NOAA Fisheries has selected SeaWorld San Antonio as the new home for Tyonek, the first-ever beluga whale from Cook Inlet, Alaska to be successfully rescued and rehabilitated after he was found stranded in September 2017. NOAA made the announcement late last week.
“We are proud to play our part in Tyonek’s continued care, alongside the federal government and others who have helped since his rescue,” SeaWorld Chief Zoological Officer Dr. Chris Dold said. “Experts from across North America came together to give Tyonek a second chance at life, and this is the culmination of those countless hours of care from passionate and dedicated people.”
According to NOAA Fisheries, SeaWorld was selected because it was the location best suited for Tyonek to thrive. The federal agency based its decision largely on SeaWorld’s ability to accommodate his social and medical needs, support all necessary transport and contribute to scientific research on the species to help conservation efforts in the wild.
Additionally, SeaWorld San Antonio currently supports a population of 9 beluga whales, including both adult females and young male beluga calves that will be important for Tyonek’s social development.
“The permanent placement of Tyonek at SeaWorld San Antonio—and the scientific knowledge gained by learning from him for years to come—will benefit Cook Inlet beluga research and recovery,” NOAA Fisheries wrote in a blog statement.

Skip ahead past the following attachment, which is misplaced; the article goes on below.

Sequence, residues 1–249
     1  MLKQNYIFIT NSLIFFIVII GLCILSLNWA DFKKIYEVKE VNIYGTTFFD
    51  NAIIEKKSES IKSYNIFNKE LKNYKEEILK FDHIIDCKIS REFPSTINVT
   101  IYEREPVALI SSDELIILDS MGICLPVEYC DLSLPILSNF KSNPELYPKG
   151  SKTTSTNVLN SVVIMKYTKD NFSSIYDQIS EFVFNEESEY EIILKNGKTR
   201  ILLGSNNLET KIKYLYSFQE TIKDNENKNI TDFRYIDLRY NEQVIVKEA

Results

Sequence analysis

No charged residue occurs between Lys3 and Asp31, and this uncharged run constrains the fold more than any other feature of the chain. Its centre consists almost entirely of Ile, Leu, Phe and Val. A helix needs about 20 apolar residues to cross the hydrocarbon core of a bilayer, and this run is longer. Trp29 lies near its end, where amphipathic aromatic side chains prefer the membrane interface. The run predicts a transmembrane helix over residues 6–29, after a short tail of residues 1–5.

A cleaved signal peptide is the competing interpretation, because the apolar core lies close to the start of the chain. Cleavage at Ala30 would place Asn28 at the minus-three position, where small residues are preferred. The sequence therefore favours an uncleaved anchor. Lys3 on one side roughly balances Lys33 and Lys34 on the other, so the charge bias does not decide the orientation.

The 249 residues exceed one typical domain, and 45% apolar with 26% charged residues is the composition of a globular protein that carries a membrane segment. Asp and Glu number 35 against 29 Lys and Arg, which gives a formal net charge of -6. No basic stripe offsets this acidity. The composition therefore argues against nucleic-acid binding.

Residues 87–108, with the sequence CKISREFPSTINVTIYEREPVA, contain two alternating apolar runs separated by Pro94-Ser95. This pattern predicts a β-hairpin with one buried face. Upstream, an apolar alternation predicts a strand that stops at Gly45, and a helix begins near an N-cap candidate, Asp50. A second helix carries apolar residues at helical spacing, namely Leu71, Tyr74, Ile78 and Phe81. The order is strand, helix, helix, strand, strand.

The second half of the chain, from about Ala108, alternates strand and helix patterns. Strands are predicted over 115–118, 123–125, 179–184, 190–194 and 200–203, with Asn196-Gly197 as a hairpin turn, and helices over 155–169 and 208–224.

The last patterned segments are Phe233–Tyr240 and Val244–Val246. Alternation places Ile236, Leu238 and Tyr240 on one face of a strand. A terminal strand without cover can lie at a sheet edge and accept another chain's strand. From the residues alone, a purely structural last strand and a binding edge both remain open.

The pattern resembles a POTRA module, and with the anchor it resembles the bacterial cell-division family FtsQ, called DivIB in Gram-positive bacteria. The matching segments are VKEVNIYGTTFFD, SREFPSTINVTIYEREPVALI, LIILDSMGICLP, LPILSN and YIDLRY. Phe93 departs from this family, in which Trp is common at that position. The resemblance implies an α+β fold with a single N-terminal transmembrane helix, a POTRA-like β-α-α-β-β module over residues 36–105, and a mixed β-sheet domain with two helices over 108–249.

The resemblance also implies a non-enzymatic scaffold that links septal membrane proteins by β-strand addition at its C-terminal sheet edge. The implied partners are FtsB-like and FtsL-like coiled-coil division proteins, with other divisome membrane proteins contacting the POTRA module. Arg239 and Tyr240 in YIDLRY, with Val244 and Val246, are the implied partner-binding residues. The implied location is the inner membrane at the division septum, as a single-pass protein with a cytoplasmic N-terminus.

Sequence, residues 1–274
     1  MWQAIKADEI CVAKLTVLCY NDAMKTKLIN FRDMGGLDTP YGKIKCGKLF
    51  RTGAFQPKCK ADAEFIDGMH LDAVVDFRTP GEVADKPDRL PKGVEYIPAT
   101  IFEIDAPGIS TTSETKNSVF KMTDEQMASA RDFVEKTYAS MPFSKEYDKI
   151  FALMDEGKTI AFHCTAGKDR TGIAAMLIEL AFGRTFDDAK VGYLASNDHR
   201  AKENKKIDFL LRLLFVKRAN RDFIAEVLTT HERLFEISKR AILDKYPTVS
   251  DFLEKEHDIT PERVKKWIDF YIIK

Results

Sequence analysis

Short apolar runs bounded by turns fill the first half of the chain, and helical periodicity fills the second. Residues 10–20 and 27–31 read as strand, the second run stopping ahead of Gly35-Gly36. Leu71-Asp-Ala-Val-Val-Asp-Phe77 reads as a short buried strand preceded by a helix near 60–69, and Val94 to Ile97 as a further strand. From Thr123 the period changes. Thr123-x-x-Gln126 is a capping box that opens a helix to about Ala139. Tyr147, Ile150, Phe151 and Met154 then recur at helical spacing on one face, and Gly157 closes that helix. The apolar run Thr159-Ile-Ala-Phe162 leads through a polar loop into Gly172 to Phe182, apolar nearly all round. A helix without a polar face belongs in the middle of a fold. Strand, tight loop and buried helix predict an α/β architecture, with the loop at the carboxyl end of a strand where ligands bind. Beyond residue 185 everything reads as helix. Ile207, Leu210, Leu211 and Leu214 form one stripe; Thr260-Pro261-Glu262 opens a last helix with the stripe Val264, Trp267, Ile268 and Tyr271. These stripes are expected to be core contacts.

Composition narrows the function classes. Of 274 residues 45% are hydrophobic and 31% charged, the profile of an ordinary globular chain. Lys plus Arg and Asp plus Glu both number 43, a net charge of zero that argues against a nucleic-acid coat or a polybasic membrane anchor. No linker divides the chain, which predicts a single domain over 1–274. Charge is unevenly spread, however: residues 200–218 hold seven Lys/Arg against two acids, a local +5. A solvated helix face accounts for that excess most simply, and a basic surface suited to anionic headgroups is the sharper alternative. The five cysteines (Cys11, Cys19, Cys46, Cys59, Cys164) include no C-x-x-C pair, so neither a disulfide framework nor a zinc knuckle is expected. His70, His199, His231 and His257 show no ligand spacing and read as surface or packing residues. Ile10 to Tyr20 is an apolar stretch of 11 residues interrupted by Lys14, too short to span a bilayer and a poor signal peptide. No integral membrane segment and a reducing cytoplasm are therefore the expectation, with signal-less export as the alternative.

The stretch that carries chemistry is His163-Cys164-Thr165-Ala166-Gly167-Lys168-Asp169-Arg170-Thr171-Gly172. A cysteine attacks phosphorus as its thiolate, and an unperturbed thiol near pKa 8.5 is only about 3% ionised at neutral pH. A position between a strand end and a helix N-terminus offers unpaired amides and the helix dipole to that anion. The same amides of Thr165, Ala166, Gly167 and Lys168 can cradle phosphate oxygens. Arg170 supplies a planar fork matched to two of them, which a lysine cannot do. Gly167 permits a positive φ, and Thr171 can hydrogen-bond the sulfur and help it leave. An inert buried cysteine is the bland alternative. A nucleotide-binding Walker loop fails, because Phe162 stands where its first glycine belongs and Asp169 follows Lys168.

Tyonek was less than a month old when he was found stranded in Cook Inlet, Alaska. After undergoing months of 24/7 monitoring and care at the Alaska SeaLife Center, with help from experts from SeaWorld and other facilities across the continent, NOAA Fisheries determined Tyonek to be non-releasable in January 2018. According to NOAA Fisheries, at five months, Tyonek is currently nutritionally and socially dependent, and lacks both survival and socialization skills needed to be successful on his own in the wild.
The calf is a member of the endangered Cook Inlet beluga whale population, which according to NOAA Fisheries numbers approximately 328 animals. Experts from the Alaska SeaLife Center believe the whale had been stranded for several hours and was in a weakened condition, without evidence of major physical trauma. It is likely his mother either abandoned him or died, so reuniting him with her was not an option. Since October, experts from SeaWorld, Georgia Aquarium, Shedd Aquarium, Mystic Aquarium and Vancouver Aquarium have supported the Alaska SeaLife Center with Tyonek’s around-the-clock care.